Tennessee’s Web Entertainment Theft Bill

On June 1, 2011, Tennessee lawmakers passed the country’s first bill that would make it illegal to use another person’s log-in information for online entertainment services – such as Netflix, Rhapsody, etc. Awaiting the governor’s signature, this bill is not yet law.

The bill was passed to prosecute hackers and thieves who sell log-in information in large quantities, but will also extend to individuals who use their friends’ log-in information with or without permission. Lawmakers note, however, that family members living within the same household will not be affected by the new law.

Under the new law, online entertainment providers who believe that such theft is taking place can go directly to the authorities for prosecution. The law will carry a penalty of up to one year in jail and up to a $2,500 fine for stealing entertainment valued at $500 or less; and stolen entertainment valued at over $500 will be considered a felony and will carry a harsher punishment.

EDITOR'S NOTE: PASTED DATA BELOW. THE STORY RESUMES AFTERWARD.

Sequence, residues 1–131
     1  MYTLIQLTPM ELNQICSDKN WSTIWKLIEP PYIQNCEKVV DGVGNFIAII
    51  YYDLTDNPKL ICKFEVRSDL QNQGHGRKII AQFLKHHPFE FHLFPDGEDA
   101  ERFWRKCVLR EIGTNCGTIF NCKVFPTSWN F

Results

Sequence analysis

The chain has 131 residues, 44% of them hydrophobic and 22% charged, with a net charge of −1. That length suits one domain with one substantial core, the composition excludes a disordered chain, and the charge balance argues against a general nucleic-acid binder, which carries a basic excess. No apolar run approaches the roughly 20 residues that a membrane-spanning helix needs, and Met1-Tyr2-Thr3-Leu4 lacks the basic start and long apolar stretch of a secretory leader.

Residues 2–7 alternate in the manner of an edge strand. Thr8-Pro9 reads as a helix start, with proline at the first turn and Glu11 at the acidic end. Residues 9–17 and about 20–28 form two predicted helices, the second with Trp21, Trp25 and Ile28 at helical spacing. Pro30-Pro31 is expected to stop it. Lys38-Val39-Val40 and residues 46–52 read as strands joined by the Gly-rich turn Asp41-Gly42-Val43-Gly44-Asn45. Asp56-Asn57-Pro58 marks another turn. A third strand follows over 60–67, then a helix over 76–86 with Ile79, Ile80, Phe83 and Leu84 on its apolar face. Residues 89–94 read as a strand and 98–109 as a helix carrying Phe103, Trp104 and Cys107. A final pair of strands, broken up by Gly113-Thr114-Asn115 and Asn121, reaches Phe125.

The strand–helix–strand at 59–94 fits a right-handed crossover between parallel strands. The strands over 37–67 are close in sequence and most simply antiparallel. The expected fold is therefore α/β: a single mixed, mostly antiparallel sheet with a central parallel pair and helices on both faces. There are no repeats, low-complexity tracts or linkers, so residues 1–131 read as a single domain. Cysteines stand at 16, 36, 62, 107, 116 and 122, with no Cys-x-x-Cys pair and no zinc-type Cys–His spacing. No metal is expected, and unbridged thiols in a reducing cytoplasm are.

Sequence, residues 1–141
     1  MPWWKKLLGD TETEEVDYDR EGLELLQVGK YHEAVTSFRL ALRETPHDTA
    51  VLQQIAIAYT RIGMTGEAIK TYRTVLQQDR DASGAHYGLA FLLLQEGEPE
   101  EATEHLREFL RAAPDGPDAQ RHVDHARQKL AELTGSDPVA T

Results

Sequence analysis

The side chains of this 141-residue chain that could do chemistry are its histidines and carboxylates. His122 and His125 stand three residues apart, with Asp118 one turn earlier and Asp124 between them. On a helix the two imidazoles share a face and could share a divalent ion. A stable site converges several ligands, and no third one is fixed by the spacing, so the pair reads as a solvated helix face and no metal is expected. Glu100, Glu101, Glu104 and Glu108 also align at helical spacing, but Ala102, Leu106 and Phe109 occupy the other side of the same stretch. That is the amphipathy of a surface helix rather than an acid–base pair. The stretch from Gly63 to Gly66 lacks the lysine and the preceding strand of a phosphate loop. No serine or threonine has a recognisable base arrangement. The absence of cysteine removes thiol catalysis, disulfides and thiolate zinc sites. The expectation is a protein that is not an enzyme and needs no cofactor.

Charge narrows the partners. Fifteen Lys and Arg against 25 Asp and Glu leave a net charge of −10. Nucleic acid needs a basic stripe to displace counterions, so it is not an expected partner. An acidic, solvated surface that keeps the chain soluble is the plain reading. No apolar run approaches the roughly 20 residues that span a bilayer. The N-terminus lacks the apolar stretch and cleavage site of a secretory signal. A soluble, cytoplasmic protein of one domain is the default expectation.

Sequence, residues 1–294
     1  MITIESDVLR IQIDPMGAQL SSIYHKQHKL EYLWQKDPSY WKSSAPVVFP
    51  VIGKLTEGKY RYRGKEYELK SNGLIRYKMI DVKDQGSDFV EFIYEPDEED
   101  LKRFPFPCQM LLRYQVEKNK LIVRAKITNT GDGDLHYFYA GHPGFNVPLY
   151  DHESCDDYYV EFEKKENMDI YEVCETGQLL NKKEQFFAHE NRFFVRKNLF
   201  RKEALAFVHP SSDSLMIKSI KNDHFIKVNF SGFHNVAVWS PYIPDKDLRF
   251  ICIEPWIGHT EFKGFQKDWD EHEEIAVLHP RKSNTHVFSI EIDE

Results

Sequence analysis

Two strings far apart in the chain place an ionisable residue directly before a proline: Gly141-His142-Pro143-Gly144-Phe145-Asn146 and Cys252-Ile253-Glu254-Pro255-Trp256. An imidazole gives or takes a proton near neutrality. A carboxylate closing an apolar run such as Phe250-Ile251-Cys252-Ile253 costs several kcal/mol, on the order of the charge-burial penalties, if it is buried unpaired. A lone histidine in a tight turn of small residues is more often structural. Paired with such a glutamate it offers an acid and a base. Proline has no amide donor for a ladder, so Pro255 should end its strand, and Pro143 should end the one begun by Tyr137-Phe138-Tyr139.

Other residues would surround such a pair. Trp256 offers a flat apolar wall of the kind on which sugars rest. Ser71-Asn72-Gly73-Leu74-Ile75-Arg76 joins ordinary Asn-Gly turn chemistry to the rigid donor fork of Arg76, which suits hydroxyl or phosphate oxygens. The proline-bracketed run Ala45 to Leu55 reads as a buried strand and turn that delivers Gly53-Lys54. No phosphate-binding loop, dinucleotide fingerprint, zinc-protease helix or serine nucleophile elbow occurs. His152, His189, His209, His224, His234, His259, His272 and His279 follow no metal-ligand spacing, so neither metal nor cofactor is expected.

Tennessee, the country’s music capital, plays home to many recording industry movers-and-shakers; most of whom generate a great deal of tax revenue. Backed by the Recording Industry Association of America (RIAA), it’s not yet known if other states will follow Tennessee’s lead.

Whether or not the governor signs the bill into law, this legislation comes at no surprise. With the entertainment industry suffering astronomical losses due to illegal online use, the bill is seemingly the logical next step.

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